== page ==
Kites latest results are preliminary and have not been peer-reviewed. The company plans to present full data at a scientific meeting this year, and management promised to disclose six-month results from the trial in the first quarter of 2017.

Kite is in the lead among companies racing to commercialize CAR-T therapies. If the FDA accepts its application, Kite could win approval next year. Behind it are Novartis, which expects to submit its CAR-T treatment in 2017, and Juno Therapeutics, which had to push back its commercial plans after the deaths of three patients delayed a key clinical trial.

This story has been updated with more information about Kites trial results.

Damian Garde can be reached at Follow Damian on Twitter @damiangarde

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Types of treatment for breast cancer – Cancer Research UK

There are a number of tools available to help doctors decide which treatment you should have. These tools give them some idea of how well treatment may work for a person with breast cancer and how long the person may live. It is not possible to predict exactly what will happen to each individual person but these tools can give a general idea.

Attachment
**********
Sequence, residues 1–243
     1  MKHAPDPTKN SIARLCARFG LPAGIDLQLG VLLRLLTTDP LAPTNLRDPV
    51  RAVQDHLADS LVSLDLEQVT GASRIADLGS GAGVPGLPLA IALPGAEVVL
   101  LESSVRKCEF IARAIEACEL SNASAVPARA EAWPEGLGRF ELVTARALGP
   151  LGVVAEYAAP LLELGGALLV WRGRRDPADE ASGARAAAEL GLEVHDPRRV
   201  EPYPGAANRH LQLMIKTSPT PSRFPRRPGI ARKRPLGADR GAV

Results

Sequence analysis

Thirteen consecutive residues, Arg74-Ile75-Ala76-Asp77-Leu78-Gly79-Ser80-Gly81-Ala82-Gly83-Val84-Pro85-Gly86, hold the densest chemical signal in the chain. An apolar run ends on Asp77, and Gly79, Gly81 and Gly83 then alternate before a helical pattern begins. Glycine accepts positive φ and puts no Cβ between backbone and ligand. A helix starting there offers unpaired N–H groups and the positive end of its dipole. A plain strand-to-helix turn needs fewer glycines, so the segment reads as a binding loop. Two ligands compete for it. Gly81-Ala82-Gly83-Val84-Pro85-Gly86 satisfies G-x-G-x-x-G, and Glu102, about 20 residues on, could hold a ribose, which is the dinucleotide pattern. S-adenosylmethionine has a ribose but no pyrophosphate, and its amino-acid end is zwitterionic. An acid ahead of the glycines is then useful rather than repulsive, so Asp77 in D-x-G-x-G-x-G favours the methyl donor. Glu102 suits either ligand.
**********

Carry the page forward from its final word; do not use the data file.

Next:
The Nottingham Prognostic Indicator (NPI) looks at 3 factors

Your doctor then scores each of these factors and depending on the total they work out whether your outlook is excellent, good, moderate or poor.

The NPI is based on information from a group of patients treated some time ago and very few of them had treatment after surgery. Treatment results have greatly improved since then. So it may not give as good an outlook (prognosis) as you actually have, if you are having treatment now.

More recently other tools have become available including Adjuvant! Online and PREDICT.

The Adjuvant! Online tool looks at the same factors as the NPI but also includes other details such as the hormone receptors on your cancer cells . Your doctor puts all of the information about your cancer into a computer programme. This gives them an idea of how well each treatment may work for you, and the difference having treatment after surgery may make.

The PREDICT tool looks at all of the information that the NPI considers. It also takes into account other factors. These include whether there are hormone and HER2 receptors on your cancer cells and whether you have other health conditions.